The episode "The Snuke" is a parody of 24 where Cartman believes that some Muslim neighbors are terrorists, and his quest to prove them as such leads him discovering real terrorists who have planted a suitcase nuke inside Hilary Clinton (the titular "snuke"). When the rest of the government discovers it they send an expert to diffuse the bomb, but he is killed and the last we see of Hilary Clinton in the episode the bomb is still inside her with no resolution as to whether it was removed/disamred or not. Given how 24 was infamous for pulling this trope all the time, the use here was more than likely an intentional part of the parody.
At the end of "201" we never found out how they got rid of Mecha Streisand. The Super Best Friends distract her with a Neil Diamond duet and that's the last we see of her.
In the Phineas and Ferb episode "I, Brobot", Candace captures one of the Ferbots in a sack, and it then gets picked up by the garbage collectors behind her back. We never see what happens to that Ferbot afterwards. Also, we also don't see what happens to the Candroid after the episode.
When the boys set Oompa Loompa-like Ba-Dink-A-Dinks free, they promise to "lay waste to the surface dwellers." But it's a one-shot gag — so far, their plot thread hasn't been resolved. They've had a few minor background appearances in subsequent episodes, but... not knowing where they are can be pure horror.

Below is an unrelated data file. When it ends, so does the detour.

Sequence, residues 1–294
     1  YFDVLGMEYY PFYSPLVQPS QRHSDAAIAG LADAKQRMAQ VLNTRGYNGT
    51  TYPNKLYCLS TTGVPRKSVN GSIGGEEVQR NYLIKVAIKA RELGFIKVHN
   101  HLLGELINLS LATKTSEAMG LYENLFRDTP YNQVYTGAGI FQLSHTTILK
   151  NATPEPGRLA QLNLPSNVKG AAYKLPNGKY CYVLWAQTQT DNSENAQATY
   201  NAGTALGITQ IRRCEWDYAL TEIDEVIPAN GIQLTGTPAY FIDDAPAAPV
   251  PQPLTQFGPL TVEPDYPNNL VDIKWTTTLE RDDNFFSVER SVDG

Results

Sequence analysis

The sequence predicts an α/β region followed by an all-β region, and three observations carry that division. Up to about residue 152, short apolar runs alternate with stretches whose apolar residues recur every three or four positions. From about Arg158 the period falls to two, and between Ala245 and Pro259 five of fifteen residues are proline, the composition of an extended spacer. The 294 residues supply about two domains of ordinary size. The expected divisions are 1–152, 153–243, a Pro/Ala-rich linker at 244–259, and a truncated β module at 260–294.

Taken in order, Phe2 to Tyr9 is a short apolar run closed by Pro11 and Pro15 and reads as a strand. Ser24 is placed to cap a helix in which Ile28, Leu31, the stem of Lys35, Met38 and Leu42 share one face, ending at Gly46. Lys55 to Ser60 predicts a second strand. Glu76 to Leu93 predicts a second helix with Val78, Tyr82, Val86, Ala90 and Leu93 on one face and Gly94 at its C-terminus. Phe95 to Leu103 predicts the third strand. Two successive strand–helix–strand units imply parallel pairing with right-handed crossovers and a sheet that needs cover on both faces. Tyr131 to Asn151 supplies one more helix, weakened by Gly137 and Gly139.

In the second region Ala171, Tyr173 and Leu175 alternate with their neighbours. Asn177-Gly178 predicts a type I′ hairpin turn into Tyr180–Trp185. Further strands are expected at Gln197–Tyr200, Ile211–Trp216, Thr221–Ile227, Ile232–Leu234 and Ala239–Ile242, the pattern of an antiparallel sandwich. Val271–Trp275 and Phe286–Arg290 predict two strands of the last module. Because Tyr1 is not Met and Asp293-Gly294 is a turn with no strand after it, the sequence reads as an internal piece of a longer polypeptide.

In the episode "Run, Candace Run", the conflict is that Candace has made too many promises to her friends, family and boyfriend, and she has to accomplish multiple tasks in one day. One of those was apparently something involving her and Stacy on stage in a cow costume, however, Candace seemed to forget all about that, as we never see her do it and it is never addressed again.
In the season 4 finale of Winx ClubAisha decides to take the flower that was revived with the gift of life back to Andros as a memento of Nabu. What Aisha did with the flower or anything else she did on Andros has been left unkown.
Oh, and what happened to Icy's pet duck after season 1?
Diaspro disappears part way into season 3 after she said Bloom hadn't had the last of her. Beyond mentioning she was banished, her plot-line is dropped. She reappears in season 5 to help Sky, and except for Bloom being uncomfortable with her around, nothing is made of it.
Several King of the Hill episodes had Bobby meet a girl and presumably ended up going out with her at the end of the episode. The next episode has him single again with no mention of the girl ever again (except for one girl, who was referenced in another episode and Connie, who was already part of the main cast when they broke up).
Bill is also like this. In one episode he's dating Kahn's mother and mentions that he's still dating her in another one. Then, all of a sudden, he's single and lonely again. They dropped her because they decided they liked Bill as his lonely, pathetic self. Makes sense, but it would've been nice if they had actually provided an in-show explanation for her disappearance.
Kahn's Mom is another example, after her initial appearance, she is shown several times in the background at her son's house, but then sort of vanishes, and a passing reference implies she went back to Laos.